Immediate Immersion (or “Lazy Signups”) Examples Wunderlist, Houzz
Problem The user wants to try things out before making a commitment. Solution More applications are letting users immediately immerse themselves in an app before anything else - even signing up or logging in. Remember, they can only do one thing at a time, and have limited time to test every new product out. With the growing specialization of apps, itâ€™s increasingly important that you find quality user or customer leads before nurturing them - they may hate 22
your product or quickly realize it’s not what they wanted. Asking users for the information you need to register their accounts can be a tough ask, and lower signup conversion rates even for qualified visitors. On a positive note, by letting them immediately experience your product, they may get more hooked because of how deeply they were able to explore the app on the first experience. This can work better than the onboarding walkthrough UI pattern we cover next, because it shows the user instead of telling them how things work. Allowing late registrations doesn’t make sense for apps like Carousel or Duolingo, which rely on user data to function, but apps like Wunderlist or Houzz can allow their users to come in and use the app before asking them to identify themselves. Oftentimes, registration comes with an added benefit which makes it more attractive, like cross-device syncing in Wunderlist or creating an idea book in Houzz. Late registrations may not always be a good idea, but the option to “try-before-you-register” can a great way to increase engagement with your app.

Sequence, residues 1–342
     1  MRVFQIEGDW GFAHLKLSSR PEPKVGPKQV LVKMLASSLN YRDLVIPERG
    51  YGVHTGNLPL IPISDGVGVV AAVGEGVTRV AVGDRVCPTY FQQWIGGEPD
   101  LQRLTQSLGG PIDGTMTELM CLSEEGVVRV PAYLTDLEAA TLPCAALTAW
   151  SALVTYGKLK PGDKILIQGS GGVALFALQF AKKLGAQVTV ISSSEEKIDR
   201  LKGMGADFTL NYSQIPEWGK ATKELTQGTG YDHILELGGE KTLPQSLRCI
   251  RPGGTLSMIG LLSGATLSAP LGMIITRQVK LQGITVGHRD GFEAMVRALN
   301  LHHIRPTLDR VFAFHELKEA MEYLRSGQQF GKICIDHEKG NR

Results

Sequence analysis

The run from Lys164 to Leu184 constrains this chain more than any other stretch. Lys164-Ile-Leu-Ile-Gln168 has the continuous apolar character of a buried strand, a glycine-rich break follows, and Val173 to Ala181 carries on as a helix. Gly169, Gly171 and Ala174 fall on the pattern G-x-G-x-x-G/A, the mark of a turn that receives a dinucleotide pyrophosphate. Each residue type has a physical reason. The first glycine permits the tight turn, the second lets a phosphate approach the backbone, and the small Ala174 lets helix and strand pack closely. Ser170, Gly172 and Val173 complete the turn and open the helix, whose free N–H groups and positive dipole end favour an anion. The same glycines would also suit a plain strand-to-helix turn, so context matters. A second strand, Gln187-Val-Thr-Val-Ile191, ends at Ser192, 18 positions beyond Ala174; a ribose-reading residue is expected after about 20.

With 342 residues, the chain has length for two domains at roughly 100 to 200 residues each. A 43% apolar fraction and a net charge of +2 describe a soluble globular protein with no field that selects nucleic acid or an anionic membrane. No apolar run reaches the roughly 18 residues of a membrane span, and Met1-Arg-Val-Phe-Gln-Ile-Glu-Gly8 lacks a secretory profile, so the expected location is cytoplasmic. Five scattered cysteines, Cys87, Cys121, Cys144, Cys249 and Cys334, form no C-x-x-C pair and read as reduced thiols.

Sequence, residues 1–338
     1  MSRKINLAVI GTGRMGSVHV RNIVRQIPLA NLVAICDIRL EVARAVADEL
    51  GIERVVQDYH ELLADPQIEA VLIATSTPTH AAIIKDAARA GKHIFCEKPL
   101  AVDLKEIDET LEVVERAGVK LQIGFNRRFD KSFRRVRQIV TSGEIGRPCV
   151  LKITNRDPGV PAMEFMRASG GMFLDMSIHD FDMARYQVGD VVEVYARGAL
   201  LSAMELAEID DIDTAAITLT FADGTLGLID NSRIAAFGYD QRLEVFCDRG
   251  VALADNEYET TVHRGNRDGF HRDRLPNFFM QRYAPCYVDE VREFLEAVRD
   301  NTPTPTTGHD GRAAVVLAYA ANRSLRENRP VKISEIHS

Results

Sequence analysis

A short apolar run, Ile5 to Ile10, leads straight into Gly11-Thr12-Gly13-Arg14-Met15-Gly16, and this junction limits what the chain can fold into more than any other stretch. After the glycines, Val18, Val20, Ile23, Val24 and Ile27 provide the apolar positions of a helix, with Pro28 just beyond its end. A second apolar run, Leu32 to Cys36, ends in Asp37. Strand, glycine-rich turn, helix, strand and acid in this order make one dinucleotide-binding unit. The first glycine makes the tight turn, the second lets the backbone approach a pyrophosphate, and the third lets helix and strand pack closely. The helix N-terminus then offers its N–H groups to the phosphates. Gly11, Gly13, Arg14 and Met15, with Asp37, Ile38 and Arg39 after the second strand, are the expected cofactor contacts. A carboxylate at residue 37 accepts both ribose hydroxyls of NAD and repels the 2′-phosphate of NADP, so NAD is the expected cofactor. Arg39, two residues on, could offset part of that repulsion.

Action Bars Examples Facebook Paper, Behance
Problem The user wants quick access to frequently used actions. Solution Provide quick access to important actions from the appâ€™s action bar (or â€œtoolbarâ€? in iOS terminology). While navigation bars have dominated web and early mobile application design, the use of other patterns like drawers, slideouts & sidebars, links to everything, button transformations, vertical and content-based navigation have allowed for more simple app views that can focus on primary and secondary actions, and less on secondary navigation. Common actions are search, share and creating new content within the app. This persistent menu helps users become familiar with the UI but also clears away some clutter by focusing on the important actions that are relevant to the user.
Social Login Examples Beats Music, Flipboard, Fancy, Duolingo